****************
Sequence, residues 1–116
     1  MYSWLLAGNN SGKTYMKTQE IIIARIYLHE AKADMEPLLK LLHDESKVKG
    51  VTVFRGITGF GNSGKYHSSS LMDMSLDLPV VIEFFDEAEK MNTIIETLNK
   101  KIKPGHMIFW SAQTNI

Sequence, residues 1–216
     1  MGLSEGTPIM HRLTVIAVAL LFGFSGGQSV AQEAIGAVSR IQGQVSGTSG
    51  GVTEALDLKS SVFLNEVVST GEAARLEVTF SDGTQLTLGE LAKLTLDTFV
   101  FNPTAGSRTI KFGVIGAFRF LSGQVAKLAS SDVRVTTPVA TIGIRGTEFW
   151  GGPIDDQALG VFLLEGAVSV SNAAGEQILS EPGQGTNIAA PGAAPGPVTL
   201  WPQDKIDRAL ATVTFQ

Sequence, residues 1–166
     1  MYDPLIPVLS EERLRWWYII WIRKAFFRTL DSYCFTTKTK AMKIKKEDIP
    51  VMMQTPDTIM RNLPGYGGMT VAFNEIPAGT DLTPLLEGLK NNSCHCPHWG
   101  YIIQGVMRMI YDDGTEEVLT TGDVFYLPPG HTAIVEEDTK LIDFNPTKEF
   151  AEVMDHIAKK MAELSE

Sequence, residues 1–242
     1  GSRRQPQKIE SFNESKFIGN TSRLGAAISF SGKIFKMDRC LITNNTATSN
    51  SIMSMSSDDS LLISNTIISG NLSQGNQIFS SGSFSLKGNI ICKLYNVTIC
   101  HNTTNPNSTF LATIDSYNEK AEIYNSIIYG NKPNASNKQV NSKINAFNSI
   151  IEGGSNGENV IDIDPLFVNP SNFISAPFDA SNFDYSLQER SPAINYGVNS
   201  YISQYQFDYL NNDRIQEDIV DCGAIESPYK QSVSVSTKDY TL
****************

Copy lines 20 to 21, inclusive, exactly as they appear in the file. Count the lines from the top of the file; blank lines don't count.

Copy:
   151  IEGGSNGENV IDIDPLFVNP SNFISAPFDA SNFDYSLQER SPAINYGVNS
   201  YISQYQFDYL NNDRIQEDIV DCGAIESPYK QSVSVSTKDY TL